Amy Boylan's picture


  by  Amy Boylan

Immigration drives U.S. population growth, and this is true in western states, which are among some of the fastest growing areas in the United States. This growth is causing many strains on local resources and infrastructure, the most consequential being waters shortages that will become acute if current trends continue.

For the first time, a water shortage on the Colorado River has been declared by the Department of the Interior. The flow of the river is 20% less than it was when the Colorado River Compact was established in 1922, an agreement that allocated water to the mere 6 million scattered across the basin states at that time. Now, the volume capacity of dams and reservoirs are shrinking in size. Lake Mead is only 35% full, which is the least amount of water this reservoir has ever held. Lake Powell is in a similar situation as it sits at 68% empty, a record low.

All the while, many of the Western states continue to be among the fastest growing in the country, resulting in 40 million people relying on the Colorado River for water resources. Arizona has added 4.2 million to its population over the last 40 years. Colorado's population has grown by 15% in the last decade. In Nevada, Las Vegas alone experienced a tripling of its population since 1990. This occurred despite the knowledge of an impending drought.

NumbersUSA's Arizona Sprawl Study found that each household in the state uses approximately one-third of an acre-foot of water annually, which is equivalent to about half the volume of an Olympic-sized swimming pool. More likely than not, it can be assumed that neighboring states with similar climates have comparable consumption patterns. The harsh reality is that a house of cards is being built across an arid desert, and it will all come tumbling down as the finite water source continues to disappear under the pressure of sustaining too many people.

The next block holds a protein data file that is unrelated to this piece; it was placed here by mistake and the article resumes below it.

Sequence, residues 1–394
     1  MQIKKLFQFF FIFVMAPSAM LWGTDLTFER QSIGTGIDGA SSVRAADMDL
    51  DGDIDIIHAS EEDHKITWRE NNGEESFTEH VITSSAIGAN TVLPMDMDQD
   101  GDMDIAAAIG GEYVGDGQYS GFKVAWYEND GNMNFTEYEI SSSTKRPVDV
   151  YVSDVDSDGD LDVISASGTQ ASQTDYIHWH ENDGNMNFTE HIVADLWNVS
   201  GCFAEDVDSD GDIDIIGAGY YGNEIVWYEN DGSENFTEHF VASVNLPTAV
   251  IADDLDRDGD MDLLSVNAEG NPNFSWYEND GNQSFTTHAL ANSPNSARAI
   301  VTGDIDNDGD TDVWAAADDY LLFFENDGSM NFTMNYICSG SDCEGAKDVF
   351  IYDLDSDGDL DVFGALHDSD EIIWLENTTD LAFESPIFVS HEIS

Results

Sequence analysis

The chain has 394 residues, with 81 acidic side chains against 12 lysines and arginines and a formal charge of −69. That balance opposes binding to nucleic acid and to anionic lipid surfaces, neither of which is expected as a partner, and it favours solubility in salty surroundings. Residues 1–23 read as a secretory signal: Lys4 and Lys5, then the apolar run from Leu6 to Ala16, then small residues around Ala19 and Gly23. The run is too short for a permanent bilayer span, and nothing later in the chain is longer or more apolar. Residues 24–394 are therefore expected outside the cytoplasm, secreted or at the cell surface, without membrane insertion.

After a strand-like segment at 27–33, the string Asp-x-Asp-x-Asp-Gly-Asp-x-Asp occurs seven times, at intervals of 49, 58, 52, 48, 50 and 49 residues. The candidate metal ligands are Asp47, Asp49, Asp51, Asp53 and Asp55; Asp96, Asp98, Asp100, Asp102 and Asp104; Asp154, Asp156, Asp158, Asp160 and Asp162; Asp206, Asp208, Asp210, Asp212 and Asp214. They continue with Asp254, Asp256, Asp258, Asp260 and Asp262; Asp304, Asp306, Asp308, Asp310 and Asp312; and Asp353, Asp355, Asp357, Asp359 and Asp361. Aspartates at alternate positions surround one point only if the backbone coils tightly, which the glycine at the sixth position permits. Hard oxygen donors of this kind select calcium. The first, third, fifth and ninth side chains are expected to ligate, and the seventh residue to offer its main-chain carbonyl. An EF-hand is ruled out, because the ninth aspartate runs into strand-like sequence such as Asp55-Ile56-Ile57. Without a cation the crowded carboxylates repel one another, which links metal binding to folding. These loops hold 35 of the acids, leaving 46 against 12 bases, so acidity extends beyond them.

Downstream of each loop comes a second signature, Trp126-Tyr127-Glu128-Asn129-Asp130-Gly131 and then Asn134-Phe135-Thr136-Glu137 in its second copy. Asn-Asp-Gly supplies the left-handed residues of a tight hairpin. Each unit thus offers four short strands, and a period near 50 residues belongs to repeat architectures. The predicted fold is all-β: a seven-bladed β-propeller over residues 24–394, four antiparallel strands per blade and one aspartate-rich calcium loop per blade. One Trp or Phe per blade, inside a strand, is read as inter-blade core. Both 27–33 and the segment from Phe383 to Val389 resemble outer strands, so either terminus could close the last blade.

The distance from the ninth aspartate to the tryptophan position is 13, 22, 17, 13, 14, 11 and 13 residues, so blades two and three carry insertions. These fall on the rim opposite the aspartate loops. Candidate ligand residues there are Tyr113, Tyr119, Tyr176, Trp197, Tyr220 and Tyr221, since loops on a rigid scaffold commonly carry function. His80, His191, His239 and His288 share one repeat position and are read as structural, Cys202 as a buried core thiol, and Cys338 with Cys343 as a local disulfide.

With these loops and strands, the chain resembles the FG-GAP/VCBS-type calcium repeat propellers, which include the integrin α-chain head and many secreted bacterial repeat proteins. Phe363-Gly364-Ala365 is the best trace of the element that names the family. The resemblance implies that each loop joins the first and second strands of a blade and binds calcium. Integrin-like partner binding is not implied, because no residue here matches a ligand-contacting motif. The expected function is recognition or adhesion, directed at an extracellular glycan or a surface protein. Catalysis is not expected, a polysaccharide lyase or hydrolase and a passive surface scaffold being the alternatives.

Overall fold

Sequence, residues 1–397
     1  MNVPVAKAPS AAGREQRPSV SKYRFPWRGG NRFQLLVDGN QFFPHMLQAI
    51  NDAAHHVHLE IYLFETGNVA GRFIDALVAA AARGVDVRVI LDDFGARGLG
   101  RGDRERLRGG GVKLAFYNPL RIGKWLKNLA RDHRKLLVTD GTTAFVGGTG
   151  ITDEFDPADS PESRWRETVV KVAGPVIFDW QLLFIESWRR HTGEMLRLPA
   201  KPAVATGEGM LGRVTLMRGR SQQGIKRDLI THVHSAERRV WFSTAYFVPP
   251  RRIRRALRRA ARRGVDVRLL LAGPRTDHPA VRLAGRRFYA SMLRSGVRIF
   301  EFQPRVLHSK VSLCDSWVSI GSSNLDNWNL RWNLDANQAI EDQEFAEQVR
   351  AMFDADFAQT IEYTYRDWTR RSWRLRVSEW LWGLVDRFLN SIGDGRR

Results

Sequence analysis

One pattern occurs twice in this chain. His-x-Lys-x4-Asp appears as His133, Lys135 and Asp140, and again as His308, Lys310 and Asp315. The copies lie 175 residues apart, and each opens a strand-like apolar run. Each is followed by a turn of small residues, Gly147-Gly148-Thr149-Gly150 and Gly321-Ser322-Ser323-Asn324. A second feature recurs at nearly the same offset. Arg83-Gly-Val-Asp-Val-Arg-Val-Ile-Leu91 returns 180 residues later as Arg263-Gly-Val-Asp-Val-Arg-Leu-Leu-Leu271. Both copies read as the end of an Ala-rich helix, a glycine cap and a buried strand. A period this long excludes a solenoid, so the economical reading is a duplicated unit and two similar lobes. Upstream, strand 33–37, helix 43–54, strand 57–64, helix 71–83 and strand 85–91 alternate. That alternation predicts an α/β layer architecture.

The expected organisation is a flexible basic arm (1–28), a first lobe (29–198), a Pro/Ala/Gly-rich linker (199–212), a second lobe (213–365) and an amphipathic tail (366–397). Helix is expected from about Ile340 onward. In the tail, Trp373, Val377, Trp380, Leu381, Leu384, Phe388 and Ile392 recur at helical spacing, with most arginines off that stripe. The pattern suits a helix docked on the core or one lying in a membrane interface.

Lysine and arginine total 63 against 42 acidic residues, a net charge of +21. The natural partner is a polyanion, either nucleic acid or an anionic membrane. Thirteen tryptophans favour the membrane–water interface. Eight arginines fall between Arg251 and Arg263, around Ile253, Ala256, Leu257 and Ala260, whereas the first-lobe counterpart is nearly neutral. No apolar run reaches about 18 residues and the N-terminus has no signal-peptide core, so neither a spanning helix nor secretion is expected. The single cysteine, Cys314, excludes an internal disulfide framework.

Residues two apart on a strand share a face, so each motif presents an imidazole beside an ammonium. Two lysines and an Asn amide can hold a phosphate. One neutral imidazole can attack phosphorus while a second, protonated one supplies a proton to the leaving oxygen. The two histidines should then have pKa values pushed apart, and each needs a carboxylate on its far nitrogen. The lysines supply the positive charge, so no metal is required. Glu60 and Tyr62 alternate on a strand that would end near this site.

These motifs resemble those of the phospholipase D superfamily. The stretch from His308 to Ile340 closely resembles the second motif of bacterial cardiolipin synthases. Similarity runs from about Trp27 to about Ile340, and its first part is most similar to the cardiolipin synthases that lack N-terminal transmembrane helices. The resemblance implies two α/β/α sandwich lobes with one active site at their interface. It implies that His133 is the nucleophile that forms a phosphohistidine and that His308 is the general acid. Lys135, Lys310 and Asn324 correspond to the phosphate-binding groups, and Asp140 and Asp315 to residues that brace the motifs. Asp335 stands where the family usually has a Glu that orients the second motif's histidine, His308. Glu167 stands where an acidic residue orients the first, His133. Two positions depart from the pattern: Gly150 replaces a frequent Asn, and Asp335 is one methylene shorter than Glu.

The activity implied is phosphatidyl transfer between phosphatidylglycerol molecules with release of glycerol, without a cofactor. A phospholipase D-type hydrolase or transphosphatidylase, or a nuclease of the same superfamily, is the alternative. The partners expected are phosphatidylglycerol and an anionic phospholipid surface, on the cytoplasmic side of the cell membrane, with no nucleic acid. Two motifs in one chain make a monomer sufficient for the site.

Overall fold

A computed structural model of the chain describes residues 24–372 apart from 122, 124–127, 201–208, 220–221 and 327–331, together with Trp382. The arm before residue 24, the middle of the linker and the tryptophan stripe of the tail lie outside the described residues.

The Census Bureau projects that by 2060, another 79 million will call the United States home. More people need places to live, work, utilities, and amenities - all of which require water. Americans are also among the highest emitters and consumers in the world, accelerating the environmental conditions that have reduced water flow. While the parched Southwest has water for now, as more people live in this region, Gary Wockner writes "the tradeoff is that urban landscapes get drier and more xeriscaped, water gets more expensive in cities, and a lot fewer farms will be growing food in the region."

Population growth cannot be circumvented as a key component of protecting this valuable resource. This must change if water sources like the Colorado River hope to continue flowing for future generations. With 90% of our population growth resulting from Congress's immigration policies, it is ultimately up to our elected officials to reform this broken system in a manner that will allow for our population to stabilize. The environment doesn't care about politics, but it clearly reacts to that of our politicians who play into the growth Ponzi scheme, which is evidenced by the West's water crisis that is poised to get even worse.

Amy Boylan is the Content Writer for NumbersUSA's Sustainability Initiative

Updated: Mon, Dec 6th 2021 @ 3:26pm EST

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